I have always known New England to be a place that thrives on a dry sense of humor, but who could blame us? “If you don’t like the weather, wait a minute” often rings truer than one might imagine. Our hard emotional exterior often stems from the fact that we deal with, on average, six months of brutal winter, followed by one month of perfection, four months of unbearable heat and humidity, and a month of gorgeous foliage before everything dies again.
New Englanders are overwhelmingly exposed to the notion that life is temporary. Not only do we receive a constant reminder of our own mortality through the change of seasons, but also architecturally, we are immersed in a setting that emphasizes that which has come and gone. We live in houses that are 300 years old, work in buildings that used to be mills and factories, and we pass by monuments erected by the leaders of the 18th and 19th centuries. It’s that sense of history that sets apart, but often chastises New England from the rest of the contemporary art world. Perhaps the lighthouse and covered bridge paintings that often represent the art from this region facilitate a skewed outsider interpretation of what it really means to live in New England.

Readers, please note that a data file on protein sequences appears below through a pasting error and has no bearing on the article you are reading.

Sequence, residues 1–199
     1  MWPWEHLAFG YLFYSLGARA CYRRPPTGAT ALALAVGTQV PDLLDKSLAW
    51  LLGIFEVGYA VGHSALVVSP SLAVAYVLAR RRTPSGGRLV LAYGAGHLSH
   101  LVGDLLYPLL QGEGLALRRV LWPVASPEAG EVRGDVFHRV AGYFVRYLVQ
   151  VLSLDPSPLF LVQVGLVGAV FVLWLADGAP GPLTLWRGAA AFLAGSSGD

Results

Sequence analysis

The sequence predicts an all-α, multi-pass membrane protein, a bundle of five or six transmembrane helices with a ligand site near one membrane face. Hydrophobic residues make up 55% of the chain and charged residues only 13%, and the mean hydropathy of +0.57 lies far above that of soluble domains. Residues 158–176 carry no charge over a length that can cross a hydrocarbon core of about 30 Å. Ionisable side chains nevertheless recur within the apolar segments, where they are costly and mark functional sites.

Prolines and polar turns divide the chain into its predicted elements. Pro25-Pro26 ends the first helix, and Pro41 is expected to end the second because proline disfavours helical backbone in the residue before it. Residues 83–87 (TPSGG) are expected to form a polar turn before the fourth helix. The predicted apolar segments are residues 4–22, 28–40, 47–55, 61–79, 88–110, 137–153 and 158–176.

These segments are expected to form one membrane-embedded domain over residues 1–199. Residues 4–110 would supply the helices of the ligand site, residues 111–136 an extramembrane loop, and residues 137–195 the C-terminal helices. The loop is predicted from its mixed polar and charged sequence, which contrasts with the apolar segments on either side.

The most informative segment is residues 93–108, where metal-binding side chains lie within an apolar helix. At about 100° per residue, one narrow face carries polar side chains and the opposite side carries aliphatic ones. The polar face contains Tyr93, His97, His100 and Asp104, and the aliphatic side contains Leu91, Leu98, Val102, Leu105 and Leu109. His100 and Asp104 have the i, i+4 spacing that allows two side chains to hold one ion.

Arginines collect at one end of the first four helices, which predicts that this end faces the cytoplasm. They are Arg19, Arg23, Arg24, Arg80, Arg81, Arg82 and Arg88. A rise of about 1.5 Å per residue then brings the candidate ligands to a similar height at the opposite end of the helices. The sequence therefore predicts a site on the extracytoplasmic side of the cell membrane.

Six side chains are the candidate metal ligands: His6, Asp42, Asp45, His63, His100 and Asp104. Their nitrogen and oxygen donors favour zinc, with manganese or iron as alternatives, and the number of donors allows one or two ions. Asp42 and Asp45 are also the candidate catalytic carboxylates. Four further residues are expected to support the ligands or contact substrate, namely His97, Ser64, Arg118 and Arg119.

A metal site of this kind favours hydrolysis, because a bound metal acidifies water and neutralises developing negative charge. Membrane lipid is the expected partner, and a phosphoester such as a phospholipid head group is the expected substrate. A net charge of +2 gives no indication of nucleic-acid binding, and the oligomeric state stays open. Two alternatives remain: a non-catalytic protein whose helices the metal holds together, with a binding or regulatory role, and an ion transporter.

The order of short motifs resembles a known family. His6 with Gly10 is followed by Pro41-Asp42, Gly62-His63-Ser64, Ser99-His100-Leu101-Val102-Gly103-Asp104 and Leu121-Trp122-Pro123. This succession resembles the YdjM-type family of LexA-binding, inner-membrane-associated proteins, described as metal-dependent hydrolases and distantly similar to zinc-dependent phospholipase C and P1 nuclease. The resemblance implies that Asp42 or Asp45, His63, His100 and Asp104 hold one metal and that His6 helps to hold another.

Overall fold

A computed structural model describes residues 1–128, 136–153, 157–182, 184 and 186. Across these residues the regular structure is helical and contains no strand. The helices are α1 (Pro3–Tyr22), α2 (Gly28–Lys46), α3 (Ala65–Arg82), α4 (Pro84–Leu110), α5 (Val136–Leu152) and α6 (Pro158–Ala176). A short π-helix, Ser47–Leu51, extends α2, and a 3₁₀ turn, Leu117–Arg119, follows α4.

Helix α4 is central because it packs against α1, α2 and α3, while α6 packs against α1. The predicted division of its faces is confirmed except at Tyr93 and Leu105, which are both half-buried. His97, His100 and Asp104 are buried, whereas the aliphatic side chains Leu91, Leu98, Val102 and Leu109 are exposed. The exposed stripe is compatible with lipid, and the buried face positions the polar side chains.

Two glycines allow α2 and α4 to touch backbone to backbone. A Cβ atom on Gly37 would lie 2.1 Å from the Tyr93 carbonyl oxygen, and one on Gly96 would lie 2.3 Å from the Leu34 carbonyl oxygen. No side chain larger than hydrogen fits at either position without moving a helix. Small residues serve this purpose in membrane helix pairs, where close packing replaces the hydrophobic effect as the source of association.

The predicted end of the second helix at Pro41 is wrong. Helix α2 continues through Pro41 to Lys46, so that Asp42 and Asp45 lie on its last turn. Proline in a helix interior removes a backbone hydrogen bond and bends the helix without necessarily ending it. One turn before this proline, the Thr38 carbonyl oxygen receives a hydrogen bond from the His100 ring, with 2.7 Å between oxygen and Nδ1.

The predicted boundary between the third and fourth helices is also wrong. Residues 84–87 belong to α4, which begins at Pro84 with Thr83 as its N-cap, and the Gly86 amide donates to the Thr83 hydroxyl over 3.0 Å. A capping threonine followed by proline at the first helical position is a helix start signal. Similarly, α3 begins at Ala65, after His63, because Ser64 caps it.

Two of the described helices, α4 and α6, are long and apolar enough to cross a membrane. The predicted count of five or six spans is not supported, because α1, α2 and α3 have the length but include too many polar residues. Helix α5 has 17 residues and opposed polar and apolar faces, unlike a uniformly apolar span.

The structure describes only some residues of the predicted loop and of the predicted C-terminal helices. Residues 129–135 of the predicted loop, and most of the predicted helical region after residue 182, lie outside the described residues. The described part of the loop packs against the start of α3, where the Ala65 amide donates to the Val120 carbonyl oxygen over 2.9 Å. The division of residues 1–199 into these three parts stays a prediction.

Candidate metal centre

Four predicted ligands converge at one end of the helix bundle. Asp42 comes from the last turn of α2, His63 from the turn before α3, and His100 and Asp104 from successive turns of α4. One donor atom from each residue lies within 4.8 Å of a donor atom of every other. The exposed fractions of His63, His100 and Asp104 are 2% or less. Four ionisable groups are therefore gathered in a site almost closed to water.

While I am highly appreciative of the traditional representations of New England I have seen, there’s a raw honesty that always seems to be missing. The paintings that people associate with New England have never depicted the New England I know. The New England I know might not always be so quaint. When I see New England, I see buffalo plaid and “blaze orange”. I see hardened, weather-tough characters that are ready to take on the task at hand. I see broken down trucks that are worth saving, for some reason. I see the humor in 6 months of winter. I see the humor in living in rural New England, and that humor has not only helped me to survive, but has also become my passion.